Completion Time: ~16 hours
Buy If You Like: Japanese indie games with funny localizations
Recettear: An Item Shop’s Tale is a Japanese indie game localized in the Working Designs (RIP) tradition, wherein you take control of Recette as she turns her lonely house into an item shop to pay off her missing adventurer father’s defaulted debt. With the aid of the loan shark fairy Tear, you can either buy weapons, armor, and other goods at wholesale prices from the markets to sell at a premium, or hire out adventurers to go clear dungeons and sell those drops in your store. Time is limited however, and you must make each week’s increasingly crazy payment lest your home get repossessed.
I found the general gameplay and underlying mechanical tension surprisingly fun. Each day in Recettear is divided into four slices, which you can use to run your shop, spend going out shopping, or use two at a time to go through dungeons. I frequently found myself in interesting dilemmas: with the 80,000 payment due tomorrow, should I spend all four time slices to peddle my dwindling wares? Should I gamble that a dungeon run will net be some expensive “free” items, and that I still have time to sell them? Or should I actually spend money at the market in the hopes that I can recoup with profit before tomorrow?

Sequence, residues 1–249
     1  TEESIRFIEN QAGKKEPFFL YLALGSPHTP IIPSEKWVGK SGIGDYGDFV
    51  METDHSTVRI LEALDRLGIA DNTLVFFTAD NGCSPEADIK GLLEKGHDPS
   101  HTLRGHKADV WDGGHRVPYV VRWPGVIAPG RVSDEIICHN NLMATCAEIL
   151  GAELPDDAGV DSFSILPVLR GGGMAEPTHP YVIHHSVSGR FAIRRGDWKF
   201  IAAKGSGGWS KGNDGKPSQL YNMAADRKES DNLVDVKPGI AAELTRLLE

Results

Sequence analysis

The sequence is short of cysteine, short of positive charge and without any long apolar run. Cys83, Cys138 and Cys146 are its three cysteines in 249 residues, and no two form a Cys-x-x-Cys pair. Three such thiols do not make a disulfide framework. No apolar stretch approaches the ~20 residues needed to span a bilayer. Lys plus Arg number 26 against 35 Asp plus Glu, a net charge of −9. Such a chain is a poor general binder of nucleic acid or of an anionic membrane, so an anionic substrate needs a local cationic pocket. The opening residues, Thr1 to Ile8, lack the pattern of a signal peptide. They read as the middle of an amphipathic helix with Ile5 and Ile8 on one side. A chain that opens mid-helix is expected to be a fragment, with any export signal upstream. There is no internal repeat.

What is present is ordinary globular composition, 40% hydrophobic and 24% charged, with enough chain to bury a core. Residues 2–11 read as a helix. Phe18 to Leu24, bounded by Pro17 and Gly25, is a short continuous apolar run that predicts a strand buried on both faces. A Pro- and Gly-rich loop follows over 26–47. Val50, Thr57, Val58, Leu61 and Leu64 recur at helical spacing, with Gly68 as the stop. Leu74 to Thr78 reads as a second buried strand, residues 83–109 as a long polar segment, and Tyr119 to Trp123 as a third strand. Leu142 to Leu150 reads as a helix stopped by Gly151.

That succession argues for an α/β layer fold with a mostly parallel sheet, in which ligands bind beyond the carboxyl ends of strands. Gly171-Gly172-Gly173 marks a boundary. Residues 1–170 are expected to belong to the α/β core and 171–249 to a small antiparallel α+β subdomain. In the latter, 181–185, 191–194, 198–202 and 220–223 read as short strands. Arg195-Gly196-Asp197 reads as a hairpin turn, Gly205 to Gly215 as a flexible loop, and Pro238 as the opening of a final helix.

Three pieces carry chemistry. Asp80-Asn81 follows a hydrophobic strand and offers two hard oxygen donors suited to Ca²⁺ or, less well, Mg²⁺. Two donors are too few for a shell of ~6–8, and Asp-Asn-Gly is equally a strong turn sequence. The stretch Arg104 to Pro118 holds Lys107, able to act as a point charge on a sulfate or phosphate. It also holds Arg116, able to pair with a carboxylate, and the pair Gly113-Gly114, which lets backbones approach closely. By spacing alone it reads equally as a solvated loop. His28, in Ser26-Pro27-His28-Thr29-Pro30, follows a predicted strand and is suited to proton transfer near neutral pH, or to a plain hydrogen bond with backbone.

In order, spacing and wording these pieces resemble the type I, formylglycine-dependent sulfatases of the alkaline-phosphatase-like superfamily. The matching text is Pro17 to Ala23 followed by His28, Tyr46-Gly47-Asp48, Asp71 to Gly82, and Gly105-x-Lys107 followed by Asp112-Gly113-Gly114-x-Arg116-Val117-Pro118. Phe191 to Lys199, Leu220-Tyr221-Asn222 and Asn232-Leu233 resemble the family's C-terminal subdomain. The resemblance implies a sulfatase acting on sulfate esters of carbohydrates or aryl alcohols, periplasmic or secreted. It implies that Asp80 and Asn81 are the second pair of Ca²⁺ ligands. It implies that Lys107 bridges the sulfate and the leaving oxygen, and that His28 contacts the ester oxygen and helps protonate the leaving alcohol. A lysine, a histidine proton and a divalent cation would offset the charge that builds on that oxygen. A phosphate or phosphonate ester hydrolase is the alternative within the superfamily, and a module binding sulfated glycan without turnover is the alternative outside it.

These dilemmas even extend to the actual selling of items too, as you must decide what markup percent your customers are willing to accept. Shoot for the guaranteed 110%… or stretch to 130%? Finally, at random intervals the market for weapons/consumables/etc will either crash or spike, which can force you to sell at half price or lets you double your profits respectively.
Overall, I enjoyed the game while it lasted, or at least the first 8-10 hours. Defaulting on the loan actually leads to a Game Over screen, but you can start again at Week 1 with your full inventory, same adventurer levels/equipment, and same Merchant Level and other unlocks. While this makes beating the game an inevitability, you are likely to understand the underlying systems well enough to make beating the game a forgone conclusion before the end of Loop 2. For those who find themselves obsessed, Recettear does offer a quite a selection of post-game activities, including New Game+, Endless mode, and even Survival Hell mode where you have to keep making six-figure loan payments until you finally default.